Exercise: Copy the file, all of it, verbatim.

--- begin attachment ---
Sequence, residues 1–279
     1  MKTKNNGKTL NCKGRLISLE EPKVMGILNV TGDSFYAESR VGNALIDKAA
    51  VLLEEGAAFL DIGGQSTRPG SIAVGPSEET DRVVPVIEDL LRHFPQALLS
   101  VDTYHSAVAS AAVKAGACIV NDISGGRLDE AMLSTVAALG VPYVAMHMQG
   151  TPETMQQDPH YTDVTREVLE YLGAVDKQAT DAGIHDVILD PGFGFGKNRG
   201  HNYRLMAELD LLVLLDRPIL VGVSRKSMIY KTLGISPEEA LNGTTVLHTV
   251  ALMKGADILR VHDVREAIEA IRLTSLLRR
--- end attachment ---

Sequence, residues 1–279
     1  MKTKNNGKTL NCKGRLISLE EPKVMGILNV TGDSFYAESR VGNALIDKAA
    51  VLLEEGAAFL DIGGQSTRPG SIAVGPSEET DRVVPVIEDL LRHFPQALLS
   101  VDTYHSAVAS AAVKAGACIV NDISGGRLDE AMLSTVAALG VPYVAMHMQG
   151  TPETMQQDPH YTDVTREVLE YLGAVDKQAT DAGIHDVILD PGFGFGKNRG
   201  HNYRLMAELD LLVLLDRPIL VGVSRKSMIY KTLGISPEEA LNGTTVLHTV
   251  ALMKGADILR VHDVREAIEA IRLTSLLRR